This was the perfect day to take the morning off work, grab some geeky glasses and some nice food and wine, and hang out with friends in a sublime spot, gawking and wowing in a gaggle.
It is safe to say that we were all enthralled and astounded, although we all expected it to be a lot darker that it was at our big moment. What a potent sun we orbit, that shines so brightly even when it’s 97% blotted out. Incredible.
It was a very hot morning, so we were glad when it cooled perceptibly and a little evening-type breeze washed over us in the most welcome way. It got unearthly silent as a nearby combine and even road traffic shut down for the event. As it got dimmer and dimmer Skye the Weimaraner hadn’t gotten the memo and decided that she didn’t like it one bit, so she provided a mournful sound track of her own. We could have live-streamed the Kronos Quartet, who were playing a real-time musical interpretation of the eclipse, but we had Skye and that was all we needed.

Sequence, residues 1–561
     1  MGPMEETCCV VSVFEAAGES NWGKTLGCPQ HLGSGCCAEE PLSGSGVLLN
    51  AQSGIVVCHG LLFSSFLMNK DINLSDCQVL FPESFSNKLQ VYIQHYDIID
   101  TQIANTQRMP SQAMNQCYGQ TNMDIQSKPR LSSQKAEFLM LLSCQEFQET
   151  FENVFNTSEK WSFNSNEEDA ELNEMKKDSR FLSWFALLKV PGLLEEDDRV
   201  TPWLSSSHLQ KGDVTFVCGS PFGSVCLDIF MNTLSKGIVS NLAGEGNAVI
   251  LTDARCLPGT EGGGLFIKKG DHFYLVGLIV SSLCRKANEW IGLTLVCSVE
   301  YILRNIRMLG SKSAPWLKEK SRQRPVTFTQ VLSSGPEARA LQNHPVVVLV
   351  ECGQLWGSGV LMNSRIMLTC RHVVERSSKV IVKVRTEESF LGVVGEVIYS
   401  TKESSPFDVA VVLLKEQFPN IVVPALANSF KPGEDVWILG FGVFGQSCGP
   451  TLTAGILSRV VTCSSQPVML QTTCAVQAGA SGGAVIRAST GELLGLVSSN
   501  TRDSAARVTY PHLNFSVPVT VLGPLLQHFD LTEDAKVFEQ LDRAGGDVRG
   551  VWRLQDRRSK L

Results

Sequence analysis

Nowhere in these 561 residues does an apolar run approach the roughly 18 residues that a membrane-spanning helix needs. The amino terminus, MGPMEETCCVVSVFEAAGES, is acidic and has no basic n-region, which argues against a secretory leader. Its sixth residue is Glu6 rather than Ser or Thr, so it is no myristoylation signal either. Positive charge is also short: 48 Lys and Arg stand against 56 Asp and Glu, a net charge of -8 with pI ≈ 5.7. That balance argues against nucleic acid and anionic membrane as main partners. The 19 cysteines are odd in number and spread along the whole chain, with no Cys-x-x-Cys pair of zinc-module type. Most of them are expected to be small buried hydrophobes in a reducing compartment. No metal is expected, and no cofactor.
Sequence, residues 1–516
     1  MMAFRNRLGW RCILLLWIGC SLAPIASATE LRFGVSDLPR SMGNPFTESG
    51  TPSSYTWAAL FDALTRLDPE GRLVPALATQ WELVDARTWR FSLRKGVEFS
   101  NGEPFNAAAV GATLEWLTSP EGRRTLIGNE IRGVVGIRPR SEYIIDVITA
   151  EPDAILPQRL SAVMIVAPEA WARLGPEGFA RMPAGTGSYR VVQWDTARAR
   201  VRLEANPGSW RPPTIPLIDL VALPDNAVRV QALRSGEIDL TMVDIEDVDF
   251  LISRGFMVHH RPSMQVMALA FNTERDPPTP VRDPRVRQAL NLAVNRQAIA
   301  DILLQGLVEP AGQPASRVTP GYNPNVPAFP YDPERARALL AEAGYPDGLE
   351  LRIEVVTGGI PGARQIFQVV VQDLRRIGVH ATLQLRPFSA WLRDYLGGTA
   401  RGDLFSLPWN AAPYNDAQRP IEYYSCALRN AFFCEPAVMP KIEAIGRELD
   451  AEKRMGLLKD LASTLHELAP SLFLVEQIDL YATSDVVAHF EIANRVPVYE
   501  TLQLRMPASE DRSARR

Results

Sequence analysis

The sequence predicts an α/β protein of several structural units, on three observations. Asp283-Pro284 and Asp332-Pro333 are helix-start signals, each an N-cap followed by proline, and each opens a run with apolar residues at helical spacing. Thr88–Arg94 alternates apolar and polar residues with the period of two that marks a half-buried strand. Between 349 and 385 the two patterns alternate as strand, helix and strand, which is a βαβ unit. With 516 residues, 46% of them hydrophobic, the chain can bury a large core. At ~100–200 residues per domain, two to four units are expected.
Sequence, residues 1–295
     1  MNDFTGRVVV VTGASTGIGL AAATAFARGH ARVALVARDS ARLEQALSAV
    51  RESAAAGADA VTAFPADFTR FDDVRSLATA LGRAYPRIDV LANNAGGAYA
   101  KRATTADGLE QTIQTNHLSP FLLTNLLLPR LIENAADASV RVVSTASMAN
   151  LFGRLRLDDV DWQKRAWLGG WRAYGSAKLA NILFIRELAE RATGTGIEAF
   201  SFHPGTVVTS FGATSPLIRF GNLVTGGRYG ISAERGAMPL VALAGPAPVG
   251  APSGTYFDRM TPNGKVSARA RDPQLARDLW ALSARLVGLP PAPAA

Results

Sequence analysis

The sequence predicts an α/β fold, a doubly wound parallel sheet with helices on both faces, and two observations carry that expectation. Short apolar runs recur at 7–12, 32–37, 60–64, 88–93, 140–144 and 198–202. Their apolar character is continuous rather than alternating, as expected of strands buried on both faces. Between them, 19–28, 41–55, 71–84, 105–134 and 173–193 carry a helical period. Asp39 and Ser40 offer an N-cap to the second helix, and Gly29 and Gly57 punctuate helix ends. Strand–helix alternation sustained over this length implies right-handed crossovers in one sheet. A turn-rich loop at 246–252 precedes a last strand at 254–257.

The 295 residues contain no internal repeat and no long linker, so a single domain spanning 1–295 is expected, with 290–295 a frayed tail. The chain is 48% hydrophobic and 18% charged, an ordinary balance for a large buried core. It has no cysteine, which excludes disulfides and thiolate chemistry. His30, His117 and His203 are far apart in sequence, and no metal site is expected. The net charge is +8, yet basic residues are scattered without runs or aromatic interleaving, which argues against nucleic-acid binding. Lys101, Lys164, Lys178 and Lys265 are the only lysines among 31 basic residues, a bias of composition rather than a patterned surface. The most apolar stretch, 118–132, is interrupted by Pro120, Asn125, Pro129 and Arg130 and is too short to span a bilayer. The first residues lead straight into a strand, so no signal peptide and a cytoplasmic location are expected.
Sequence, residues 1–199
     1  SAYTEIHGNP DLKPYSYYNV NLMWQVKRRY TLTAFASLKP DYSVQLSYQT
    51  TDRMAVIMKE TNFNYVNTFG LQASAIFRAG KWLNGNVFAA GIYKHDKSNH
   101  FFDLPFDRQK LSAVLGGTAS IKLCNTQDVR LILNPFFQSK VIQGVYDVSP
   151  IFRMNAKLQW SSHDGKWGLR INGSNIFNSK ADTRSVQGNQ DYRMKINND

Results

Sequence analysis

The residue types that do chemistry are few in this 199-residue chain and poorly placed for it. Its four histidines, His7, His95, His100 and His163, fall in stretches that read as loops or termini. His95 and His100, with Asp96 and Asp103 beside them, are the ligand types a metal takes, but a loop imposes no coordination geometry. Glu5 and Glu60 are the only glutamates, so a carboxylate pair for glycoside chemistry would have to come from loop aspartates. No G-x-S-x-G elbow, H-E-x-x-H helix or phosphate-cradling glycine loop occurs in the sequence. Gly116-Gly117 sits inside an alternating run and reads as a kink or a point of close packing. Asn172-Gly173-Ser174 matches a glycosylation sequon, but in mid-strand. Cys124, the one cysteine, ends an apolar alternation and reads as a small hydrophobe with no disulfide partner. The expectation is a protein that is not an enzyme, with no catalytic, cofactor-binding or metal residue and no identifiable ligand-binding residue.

Even though two of us look like we’re posing for a B movie poster about incipient alien landings and the other two look like they’re posing for a NASA recruitment ad, we were all well and truly impressed by our galaxy.
We watched the moon come and go, had some befuddled Google-assisted conversations about the moon’s rotational pattern which was so evident from our vantage point, gravity and tidal locking, and whether there is really a dark side of the moon (nope, but there is a side we never see). From time to time we’d pop in to the house like cuckoos in a clock, to watch as people cheered the NASA totality captures all over the country.
As a new day began the robins re-inhabited the lawn and a nearby rooster crowed as if two dawns in one day were a thing. We basked in all of this while sharing a lovely potluck brunch in comfy chairs on a deck above the vineyards and below the rim of the Blues. A perfect summer morning.